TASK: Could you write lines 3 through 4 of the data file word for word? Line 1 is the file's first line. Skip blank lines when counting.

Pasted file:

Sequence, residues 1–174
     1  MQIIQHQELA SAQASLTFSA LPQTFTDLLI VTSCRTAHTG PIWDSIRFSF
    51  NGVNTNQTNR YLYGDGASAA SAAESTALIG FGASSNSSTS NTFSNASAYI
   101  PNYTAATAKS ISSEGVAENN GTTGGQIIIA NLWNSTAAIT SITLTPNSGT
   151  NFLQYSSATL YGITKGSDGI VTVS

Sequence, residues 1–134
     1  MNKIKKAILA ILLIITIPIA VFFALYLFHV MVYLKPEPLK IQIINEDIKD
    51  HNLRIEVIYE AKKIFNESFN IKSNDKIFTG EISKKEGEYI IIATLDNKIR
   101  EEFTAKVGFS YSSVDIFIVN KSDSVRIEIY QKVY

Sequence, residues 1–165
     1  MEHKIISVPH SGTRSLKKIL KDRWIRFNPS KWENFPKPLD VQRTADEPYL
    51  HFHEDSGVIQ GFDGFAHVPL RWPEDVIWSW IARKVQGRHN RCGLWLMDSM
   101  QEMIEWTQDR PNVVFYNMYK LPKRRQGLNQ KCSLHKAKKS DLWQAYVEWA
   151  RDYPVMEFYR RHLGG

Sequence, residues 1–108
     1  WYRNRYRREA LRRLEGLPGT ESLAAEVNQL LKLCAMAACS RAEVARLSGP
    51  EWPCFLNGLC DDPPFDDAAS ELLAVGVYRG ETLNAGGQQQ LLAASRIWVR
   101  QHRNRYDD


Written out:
    51  NGVNTNQTNR YLYGDGASAA SAAESTALIG FGASSNSSTS NTFSNASAYI
   101  PNYTAATAKS ISSEGVAENN GTTGGQIIIA NLWNSTAAIT SITLTPNSGT